Over the past few months during the pandemic lockdown, as digital transactions boomed, fraudulent activity and identity theft did as well.
As easy as digital transactions made our lives during the pandemic, it also became easier for cybercriminals to find personal information in just a few seconds on the “dark web” or breach data on company sites that we’ve come to rely on and trust.
Through the pandemic, a fraudulent practice that received a lot of press was unemployment fraud. Using a consumer’s information, cyber criminals registered for unemployment insurance benefits through the state’s Unemployment Development Department system. The fraudsters then secured the money via a prepaid account service and mobile app and were able to cash out and take the money, perpetuating the fraud.
The practice grew so rapidly that in July, the FBI released fraud warnings and several states, including Maryland, that had a massive 500 million unemployment claim scheme, and financial institutions and merchants became seriously concerned over the rise in fraudulent activity. Did fraud accelerate more due to the pandemic, or did the pandemic offer new opportunities never explored before for fraudsters to act?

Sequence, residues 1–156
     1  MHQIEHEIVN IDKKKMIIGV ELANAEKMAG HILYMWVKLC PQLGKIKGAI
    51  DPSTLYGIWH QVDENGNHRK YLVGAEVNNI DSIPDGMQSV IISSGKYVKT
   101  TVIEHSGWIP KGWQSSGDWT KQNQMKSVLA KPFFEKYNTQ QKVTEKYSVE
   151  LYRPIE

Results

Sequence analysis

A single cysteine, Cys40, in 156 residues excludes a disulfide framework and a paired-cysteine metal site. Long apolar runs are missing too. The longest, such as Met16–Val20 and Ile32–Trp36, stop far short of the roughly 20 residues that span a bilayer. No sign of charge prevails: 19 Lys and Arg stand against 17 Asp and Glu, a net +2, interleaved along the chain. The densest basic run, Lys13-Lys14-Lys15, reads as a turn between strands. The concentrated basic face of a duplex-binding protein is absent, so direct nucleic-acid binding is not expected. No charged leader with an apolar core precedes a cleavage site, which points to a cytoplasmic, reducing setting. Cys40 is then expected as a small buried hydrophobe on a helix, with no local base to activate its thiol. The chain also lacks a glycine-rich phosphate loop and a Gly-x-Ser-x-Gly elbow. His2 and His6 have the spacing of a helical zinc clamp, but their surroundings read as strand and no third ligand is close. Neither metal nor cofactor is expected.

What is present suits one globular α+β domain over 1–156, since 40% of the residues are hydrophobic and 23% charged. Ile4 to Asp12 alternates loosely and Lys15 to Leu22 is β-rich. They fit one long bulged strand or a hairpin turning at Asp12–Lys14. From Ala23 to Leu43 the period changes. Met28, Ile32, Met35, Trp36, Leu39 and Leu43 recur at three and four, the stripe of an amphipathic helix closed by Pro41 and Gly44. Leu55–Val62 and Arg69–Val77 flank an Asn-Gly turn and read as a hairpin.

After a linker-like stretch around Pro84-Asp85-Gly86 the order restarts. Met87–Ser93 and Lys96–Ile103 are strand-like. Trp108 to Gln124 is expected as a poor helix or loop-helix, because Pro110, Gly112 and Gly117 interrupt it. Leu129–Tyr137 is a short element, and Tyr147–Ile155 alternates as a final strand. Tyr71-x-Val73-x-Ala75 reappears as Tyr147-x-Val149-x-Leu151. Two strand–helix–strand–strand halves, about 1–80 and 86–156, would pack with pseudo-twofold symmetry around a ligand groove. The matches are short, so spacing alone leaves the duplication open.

“One of the things we set up as a company is the Visa Payment Fraud Disruption program to protect our customers at all times. We are constantly looking at trends and patterns, and if we see something that looks fraudulent, we can use our tools and shut down the activity pretty quickly and stop the transaction from happening. We conduct real-time monitoring with our merchant partners and banks and investigate anything that looks suspicious.” Following are Lemberger’s insight during a phone interview with ATM Marketplace… Retail Customer Experience